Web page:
Posted by on July 20, 2015

Perhaps the most concerning mistake of all is the one resulting from doing absolutely nothing.

 

mistakes 1Mistakes stink.

They totally destroy that picture we have of ourselves getting stuff right on the first try.

But that’s not reality.

We make mistakes. We screw up. We take a wrong turn, forget appointments, bounce checks, and let others down. We don’t mean to. We don’t want to be that person, but then there it is again, and we’ve royally stepped in it, and no matter how much we try to pawn it off on someone else, we still know deep down, we didn’t measure up. There’s a flaw in there, and it’s not easily fixed.

 

So what now? Here are a few ideas that might help.

 

Step 1 – Acknowledge it. Don’t ignore it.

It happened. The sooner we face it, the sooner we can put it behind us. And don’t just sit there feeling bad about it. Remorse and regret are one thing, but our feeling bad about something doesn’t actually move anybody forward. It just tells us that something’s up and needs to be addressed.

Step 2 – Own it. Don’t cast blame.

Ever since the garden, people have been pointing the finger. What’s it going to take for us to take responsibility for our decisions? It’s an irony of sorts. Man wants desperately to be in control of his destiny, but when things don’t go his way, he relinquishes his control to someone else. It was their fault. That kind of thinking is useless to your healing. If you missed an appointment, it does no good to blame the happy ducks who waddled in slow motion across the road in front of you. Be a grown up and take responsibility otherwise you’ll forever be at the mercy of the next person you blame.

Step 3 – Understand it. Don’t underestimate it.

Your next task is to figure out what’s going on. Why did the mistake happen? Was it the ducks or maybe there was something else afoul. Figuring out the Why may not change anything or wipe away consequences, but it’s an important step in the growing process. We can underestimate our mistakes when we play them off as no big deal. Missing that appointment may not be a big deal, but maybe there’s more to it. Why did we forget that appointment? Were we too busy? Avoiding the doctor? Enjoying wildlife? What was going on?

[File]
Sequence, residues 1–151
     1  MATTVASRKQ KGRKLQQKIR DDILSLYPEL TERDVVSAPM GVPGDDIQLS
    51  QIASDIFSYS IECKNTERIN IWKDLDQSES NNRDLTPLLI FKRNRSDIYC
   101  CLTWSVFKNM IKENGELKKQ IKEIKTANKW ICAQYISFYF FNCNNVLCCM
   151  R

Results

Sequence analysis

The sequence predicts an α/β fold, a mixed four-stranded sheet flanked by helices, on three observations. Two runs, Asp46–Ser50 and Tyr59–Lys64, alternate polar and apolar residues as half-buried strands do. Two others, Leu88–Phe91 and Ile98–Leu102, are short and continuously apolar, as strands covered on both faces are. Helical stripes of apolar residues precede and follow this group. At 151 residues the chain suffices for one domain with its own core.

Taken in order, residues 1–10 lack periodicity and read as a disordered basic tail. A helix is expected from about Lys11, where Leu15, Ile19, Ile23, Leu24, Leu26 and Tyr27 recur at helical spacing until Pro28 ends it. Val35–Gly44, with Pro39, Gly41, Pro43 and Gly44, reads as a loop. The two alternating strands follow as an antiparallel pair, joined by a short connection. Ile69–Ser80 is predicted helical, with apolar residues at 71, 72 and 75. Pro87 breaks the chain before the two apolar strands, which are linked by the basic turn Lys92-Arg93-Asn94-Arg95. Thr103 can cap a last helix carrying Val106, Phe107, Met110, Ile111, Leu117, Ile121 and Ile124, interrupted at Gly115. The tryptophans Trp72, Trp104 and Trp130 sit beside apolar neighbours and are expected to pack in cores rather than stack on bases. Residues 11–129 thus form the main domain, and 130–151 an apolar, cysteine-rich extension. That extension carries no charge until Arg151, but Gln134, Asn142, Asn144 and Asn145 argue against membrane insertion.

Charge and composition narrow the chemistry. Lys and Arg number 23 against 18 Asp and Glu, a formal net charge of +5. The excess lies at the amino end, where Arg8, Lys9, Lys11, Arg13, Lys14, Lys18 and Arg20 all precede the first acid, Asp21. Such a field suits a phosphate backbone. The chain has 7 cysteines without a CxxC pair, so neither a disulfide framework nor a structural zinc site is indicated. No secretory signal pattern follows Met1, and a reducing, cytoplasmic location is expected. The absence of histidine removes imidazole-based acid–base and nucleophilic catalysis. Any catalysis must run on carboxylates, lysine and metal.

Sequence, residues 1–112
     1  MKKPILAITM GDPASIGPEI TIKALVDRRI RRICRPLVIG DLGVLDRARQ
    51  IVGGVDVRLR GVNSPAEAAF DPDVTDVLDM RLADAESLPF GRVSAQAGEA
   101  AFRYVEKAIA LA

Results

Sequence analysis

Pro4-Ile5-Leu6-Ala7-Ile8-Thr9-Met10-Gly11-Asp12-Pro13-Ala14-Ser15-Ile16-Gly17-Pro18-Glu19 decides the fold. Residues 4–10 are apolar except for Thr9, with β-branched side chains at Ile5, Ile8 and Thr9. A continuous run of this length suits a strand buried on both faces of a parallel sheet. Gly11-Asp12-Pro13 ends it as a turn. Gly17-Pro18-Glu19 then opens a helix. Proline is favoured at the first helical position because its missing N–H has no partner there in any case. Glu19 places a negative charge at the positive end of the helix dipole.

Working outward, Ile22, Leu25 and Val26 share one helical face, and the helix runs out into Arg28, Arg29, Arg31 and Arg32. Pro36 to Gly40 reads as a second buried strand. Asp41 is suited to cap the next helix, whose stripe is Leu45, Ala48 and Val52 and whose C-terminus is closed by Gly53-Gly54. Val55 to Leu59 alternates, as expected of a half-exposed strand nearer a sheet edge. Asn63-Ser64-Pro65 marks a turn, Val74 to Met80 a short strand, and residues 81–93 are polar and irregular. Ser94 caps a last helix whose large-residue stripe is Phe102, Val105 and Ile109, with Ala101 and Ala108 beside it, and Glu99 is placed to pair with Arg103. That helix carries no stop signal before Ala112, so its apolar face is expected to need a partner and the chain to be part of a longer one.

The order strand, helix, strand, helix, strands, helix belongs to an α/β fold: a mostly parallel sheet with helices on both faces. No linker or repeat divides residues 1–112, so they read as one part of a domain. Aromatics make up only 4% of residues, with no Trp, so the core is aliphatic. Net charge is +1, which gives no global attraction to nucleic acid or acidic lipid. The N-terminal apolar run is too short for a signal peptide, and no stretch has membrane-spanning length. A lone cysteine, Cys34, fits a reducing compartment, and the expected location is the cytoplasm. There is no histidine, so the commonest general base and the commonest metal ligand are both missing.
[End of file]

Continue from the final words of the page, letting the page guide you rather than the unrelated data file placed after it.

mistakes the stepping stonesStep 4 – Define it. Don’t let it define you.

Mistakes can be defining moments in our lives. They can be crossroads—places where we see something that needs some changing. What kind of person do you want to be? That’s your decision. The mistake doesn’t get to make that call. I may have missed an appointment, but I do not have to be the kind of slacker who pays no attention to anyone else’s schedule. I’m a caring person. Punctual, and I’m working toward those characteristics. The mistake doesn’t get to take that from me. It can, however, illuminate areas needing attention. And remember in the grand scheme, you are a child of God, totally forgiven and completely loved. Mistakes can NEVER change that. 

Step 5 – Leave it. Don’t let it hold you back.

Mistakes can stop us, but they should never hold us back. Our mistakes should be more about what happens after them than what happened before. I believe it’s possible to come to the other side of any mistake and find love and wholeness. That may only be possible in the holy arms of God, but I believe it is possible.

 

Maybe these steps are too simple. I’m no expert, , Although I do think that having made my fair share of mistakes and spent way too much time feeling bad about them rather than growing from them does give me some experience from which to share. Now it’s your turn. What would you suggest? What’s the best way for a person to move past a mistake?

 

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Fred Larmore
Fred Larmore
7 years ago

Acknowledge the mistake. Ask forgiveness. Repent of the behavior. Submit to discipline. Ask for guidance. Move forward.

You write the best stuff.

Marcia Moston
7 years ago

Nice. And no, not too simple. Simply stated but so true. My suggestion goes with the last one–leave it–don’t take it back out and mull it over and relive your miserableness over and over. Grace is good.

andy lee
7 years ago

Great advice Mary Beth. I agree with Marcia. Not too simple. Just right. Keep on keepin’ on girl!

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